After approximately 1 hour of vertical movement we get to a spot where there is a glorious vantage point, about 70% of the way to the top. We savor the view and an orange from a spot that we are pretty sure no tourists or locals frequent. And fortunately neither of us was impaled by a wild boar (wear bug repellent though, I ended up with somewhere between 30 and 1 million bites).

Pimp My Hut

hut-bungalow-pai-circus-hostel

Circus life continues. Free lodging in exchange for a few shifts of "work" per week. Me coloring on chalk boards while showing guests to their room, T staying up late night and hushing guests/breaking up debaucheries of all sorts... Sex on the trampoline + fist fights to name a few.

Our bungalow (hut?) just got pimped out (like pimp my ride but more of a glamping twist). I was whining about my sore back and trying to get a back-rub out of the deal but somehow this inspired T to renovate our space (and once began he was a man possessed). AKA borrow mattress pallets + plastic rug + fan from empty staff bungalow next door, rotate bed and bug net horizontally for optimal space utilization, check on-site storage for odds and ends to score a coffee table and re-jigger our clothes line inside so towels would be out of head range. Plus I scored the backrub as well.

Benefitz of pimped bungalow:

  1. Cozy environment to invite in others for a smoke of Indonesia's finest
  2. Babe magnet, "So you're T... I hear you have the best bungalow and you pimped it out... Can I see?" - "Probably not a good idea, my girlfriend is in there sleeping right now." "Oh"... I WILL CUT YOU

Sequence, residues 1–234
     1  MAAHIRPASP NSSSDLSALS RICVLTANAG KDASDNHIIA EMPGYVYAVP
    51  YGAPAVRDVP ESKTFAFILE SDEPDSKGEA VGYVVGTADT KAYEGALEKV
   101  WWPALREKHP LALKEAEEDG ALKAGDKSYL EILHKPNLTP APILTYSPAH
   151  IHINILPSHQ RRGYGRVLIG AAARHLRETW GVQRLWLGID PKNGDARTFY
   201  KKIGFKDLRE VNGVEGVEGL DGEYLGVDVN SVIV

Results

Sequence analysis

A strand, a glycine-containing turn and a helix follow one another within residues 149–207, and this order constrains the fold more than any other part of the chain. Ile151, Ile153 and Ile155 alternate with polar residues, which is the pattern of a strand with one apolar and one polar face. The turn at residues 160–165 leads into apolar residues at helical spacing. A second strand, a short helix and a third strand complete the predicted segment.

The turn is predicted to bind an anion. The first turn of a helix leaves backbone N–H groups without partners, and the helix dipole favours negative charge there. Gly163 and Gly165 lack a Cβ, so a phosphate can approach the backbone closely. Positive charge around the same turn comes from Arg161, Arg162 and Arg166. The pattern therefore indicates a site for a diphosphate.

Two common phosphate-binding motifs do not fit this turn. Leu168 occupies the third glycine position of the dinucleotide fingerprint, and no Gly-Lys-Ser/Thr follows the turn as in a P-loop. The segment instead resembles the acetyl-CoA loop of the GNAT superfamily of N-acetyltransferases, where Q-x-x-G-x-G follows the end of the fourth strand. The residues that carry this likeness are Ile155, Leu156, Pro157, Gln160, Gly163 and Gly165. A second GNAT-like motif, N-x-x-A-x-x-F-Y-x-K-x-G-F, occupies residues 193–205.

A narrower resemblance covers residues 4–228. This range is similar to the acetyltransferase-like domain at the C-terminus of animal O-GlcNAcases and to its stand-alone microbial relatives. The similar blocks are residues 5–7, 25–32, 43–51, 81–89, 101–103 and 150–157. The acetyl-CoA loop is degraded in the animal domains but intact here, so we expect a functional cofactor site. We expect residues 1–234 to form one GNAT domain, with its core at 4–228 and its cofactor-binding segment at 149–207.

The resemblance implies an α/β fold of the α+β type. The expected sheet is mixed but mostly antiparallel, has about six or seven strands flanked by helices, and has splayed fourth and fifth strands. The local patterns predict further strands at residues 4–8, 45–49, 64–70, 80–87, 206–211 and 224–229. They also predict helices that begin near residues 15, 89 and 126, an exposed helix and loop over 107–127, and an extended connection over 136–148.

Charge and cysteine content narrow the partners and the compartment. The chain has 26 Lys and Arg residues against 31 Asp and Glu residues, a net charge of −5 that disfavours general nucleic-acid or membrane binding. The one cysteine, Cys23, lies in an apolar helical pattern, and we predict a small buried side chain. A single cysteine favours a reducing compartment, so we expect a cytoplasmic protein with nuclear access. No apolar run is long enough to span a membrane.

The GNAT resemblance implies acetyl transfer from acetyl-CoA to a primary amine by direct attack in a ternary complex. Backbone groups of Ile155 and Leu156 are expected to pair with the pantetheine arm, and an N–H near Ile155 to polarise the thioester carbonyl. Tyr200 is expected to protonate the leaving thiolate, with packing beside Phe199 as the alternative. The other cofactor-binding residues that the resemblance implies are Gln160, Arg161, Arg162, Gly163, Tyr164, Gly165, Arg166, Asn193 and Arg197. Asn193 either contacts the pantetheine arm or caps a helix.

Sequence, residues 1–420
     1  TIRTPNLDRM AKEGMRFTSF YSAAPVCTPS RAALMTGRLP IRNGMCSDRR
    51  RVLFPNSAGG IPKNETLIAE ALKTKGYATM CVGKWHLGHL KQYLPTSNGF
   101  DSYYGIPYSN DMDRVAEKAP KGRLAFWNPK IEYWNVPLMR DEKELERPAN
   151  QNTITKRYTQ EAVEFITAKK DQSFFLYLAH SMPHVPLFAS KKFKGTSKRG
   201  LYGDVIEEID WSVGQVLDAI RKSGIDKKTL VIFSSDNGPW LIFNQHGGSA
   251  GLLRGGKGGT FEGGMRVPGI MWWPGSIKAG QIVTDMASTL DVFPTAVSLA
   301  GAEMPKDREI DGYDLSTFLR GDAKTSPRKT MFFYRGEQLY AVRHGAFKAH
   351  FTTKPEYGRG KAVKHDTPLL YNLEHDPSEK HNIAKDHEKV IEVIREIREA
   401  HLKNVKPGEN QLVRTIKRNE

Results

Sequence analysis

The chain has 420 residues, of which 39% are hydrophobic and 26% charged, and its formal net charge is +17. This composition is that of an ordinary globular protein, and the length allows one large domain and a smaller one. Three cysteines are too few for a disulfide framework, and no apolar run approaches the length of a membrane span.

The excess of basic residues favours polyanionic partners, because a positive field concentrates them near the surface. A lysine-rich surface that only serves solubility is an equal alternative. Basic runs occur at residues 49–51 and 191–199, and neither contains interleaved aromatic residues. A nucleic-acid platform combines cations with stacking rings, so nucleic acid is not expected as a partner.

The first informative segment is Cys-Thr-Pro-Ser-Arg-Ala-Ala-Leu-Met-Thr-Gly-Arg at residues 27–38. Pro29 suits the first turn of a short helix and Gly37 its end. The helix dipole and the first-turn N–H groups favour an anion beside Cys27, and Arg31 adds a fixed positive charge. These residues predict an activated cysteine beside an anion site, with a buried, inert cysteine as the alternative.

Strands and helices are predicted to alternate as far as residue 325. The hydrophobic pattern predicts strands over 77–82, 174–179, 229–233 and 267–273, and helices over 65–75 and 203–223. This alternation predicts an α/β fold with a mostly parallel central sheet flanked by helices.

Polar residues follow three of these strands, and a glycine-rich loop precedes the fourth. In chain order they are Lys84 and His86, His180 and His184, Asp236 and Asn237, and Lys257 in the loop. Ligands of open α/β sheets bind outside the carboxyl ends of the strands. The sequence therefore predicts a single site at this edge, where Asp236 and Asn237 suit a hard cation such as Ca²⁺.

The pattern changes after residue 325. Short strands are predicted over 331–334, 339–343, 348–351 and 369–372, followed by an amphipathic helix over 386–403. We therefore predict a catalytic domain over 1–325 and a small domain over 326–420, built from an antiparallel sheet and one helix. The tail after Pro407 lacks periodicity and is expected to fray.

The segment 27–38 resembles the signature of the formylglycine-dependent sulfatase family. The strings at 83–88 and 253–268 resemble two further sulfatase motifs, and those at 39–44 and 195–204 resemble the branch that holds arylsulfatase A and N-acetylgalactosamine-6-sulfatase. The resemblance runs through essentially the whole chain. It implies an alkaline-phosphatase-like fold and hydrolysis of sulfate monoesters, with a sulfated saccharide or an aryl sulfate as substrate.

3. Menta l health and less of a feeling of transient-homelessness

Stuff

Closing out a life remotely is a world of stress and simultaneously freeing because you have NO CONTROL. 

buddhist-buddha-letting_go-stuff-travel

My mind keeps jumping to the list of things I want to get in order back in the states, yet the quieter voice inside of me says... Let go. This is such a paradox for someone as OCD and organized as myself. I'm pairing down my earthly belongings to a 50L North Face bag and whatever my dad can fit in the back of his F-150. To be fair, I only started with a studio apartment <400sq ft, but this is extreme. 

Today I called dad to arrange for the grand pickup and of course he quelled my fears and anxieties... "If you came home to your apartment burned to the ground you'd be thankful you didn't still have a dog in there and that your landlord was safe." Truth. So anything I get from the apartment is really just a bonus from the fire gods. Things I want:

  • contact lenses
  • Olive's ashes
  • perhaps a few workout / travel clothing options 

But really, the latter even seems excessive. Whatever I get I have to carry with me now. The things I am carrying are starting to mean less to me. It's this weird shift in your mindset where each item is a symbol of its function. What can I use this tanktop for (day/night/adventures/etc)? Is it comfortable? I do have 4 dresses with me, but I have a feeling that if I found a really kickass pair of shorts I'd gladly drop a dress or two. 

What an exercise in letting go. So what do I have in my 50L bag? Here is the current rundown, I'll update this post w addendums as I perfect the mix:

  • 2 pairs workout shorts
  • 1 pair jean shorts 
  • 4 dresses 
  • 2 sports bras, 2 regular bras
  • 5 thongs, 1 pair mesh booty shorts (duh)
  • 3 bikinis (this will increase)
  • 1 sarong
  • 1 pr lululemon capris
  • 1 pr bali pants
  • 4 pairs socks
  • 2 tshirts, 1 workout tank, 6 tank tops
  • 1 sweatshirt
  • 1 pr each: nike free, reebok hiking shoes, tevas, havaianas
  • 1 north face shell
  • 1L ziplock of toiletries
  • 1 small cosmetic pouch
  • 1 small accessory pouch
  • 1/4 cup of olive's ashes in a small tupperware (she's currently frolicking around the world from napa to the gili islands)
  • 1 iPad (exclusively used as a reader for kindle books, debating it's necessity in my life)
  • 1 iPhone (I'll be switching to Samsung once I secure some income)
  • 1 small acer laptop purchased this week 
  • 1 passport carrier, also used to store credit cards etc.

Now that it's all listed it feels really excessive... Time to wean down!